Veep Season 4 Episode 2 Review: “East Wing”

Veep Season 4 Episode 2 Review: “East Wing”


On the heels of the speech disaster showcased in Veep‘s Season 4 premiere, where the new POTUS and former VP couldn’t make a stand regarding her legacy and instead announced ex-president’s Hughes’ plan, now the stakes are even greater. Selina needs to accomplish something big that would put the spotlight on who she is and what her term will represent, which is also vital for her ongoing presidential campaign.

As much as she and her team try, the new commander in chief is now being greeted and half-mocked for lasting 33 days in office, an event no one thought plausible. Because Selina Meyer is constantly being out-shined by her predecessors, the media asks Mike during a press conference in regards of how the president feels by outlasting America’s shortest-serving president, William Henry Harrison. The comparison does not sit well with her, of course. In addition, Mike’s ill-timed decision to change his looks by dying his mustache “tangerine dream” makes him and everything he represents a caricature.

In the meantime, while Selina prepares for her state visit with the Israeli prime minister, she voices her dislike towards a painting in the room. In an attempt to get rid of Gary, who, this season, seems to be in her way, Selina tasks him to make sure the state dinner looks nice and proceeds with her staff meeting. That action propels two key events: first, the president’s minion, who has been feeling sidelined takes his assignment to heart, which snowballs later on, and second, Amy’s absence from the meeting becomes more prominent. As if the threat of Ericsson tuning for her position wasn’t enough, the campaign manager is stuck in the Beltway with her bubbly, yet annoying assistant, Richard.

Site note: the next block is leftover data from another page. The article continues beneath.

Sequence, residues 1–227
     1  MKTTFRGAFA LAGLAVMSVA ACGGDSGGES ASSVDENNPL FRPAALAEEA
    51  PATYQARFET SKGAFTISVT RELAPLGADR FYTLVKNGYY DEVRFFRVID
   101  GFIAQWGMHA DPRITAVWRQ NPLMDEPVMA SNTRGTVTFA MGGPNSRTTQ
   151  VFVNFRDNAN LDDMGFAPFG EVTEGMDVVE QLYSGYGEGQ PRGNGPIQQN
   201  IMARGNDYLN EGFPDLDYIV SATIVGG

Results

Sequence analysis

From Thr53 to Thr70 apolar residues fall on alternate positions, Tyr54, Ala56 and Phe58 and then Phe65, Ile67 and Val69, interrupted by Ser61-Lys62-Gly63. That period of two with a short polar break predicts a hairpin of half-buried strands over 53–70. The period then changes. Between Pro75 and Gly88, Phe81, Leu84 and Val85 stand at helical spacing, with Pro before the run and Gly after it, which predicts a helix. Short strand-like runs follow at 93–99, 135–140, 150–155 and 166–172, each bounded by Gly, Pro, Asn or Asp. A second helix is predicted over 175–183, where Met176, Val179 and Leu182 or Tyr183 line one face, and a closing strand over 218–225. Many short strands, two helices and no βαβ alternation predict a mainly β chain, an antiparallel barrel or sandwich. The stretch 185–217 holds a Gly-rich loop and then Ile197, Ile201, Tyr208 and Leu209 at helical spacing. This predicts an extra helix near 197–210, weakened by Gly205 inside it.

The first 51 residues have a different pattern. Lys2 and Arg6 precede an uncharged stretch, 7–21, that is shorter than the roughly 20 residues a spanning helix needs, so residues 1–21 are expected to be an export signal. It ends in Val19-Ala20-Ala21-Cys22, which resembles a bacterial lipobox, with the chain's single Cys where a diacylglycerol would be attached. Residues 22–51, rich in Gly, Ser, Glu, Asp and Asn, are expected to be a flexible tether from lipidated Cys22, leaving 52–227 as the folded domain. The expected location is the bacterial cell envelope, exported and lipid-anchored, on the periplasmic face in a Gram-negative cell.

“East Wing” does a good job at showing that not only Selina feels the pressure to perform with excellence, every single member of her team shares that burden in different ways. In Amy’s case, in particular, she is frustrated to be out of the meeting, and even though she attempts to be there virtually, she ends up making matters worse because the communication breaks down (which is hilarious) and also because she learns that way that the former VP wants Ericsson to be part of her entourage.

At the Amy-less campaign meeting, Kent lets Selina know that her daughter Catherine’s approval rating is low. According to her likability index, her popularity is on the rocks, which is a potential hazard to the campaign. Then and there, Selina decides that her daughter is in dire need of image rehab, and instead of calling Olivia Pope, Kent is the one in charge of handling the situation.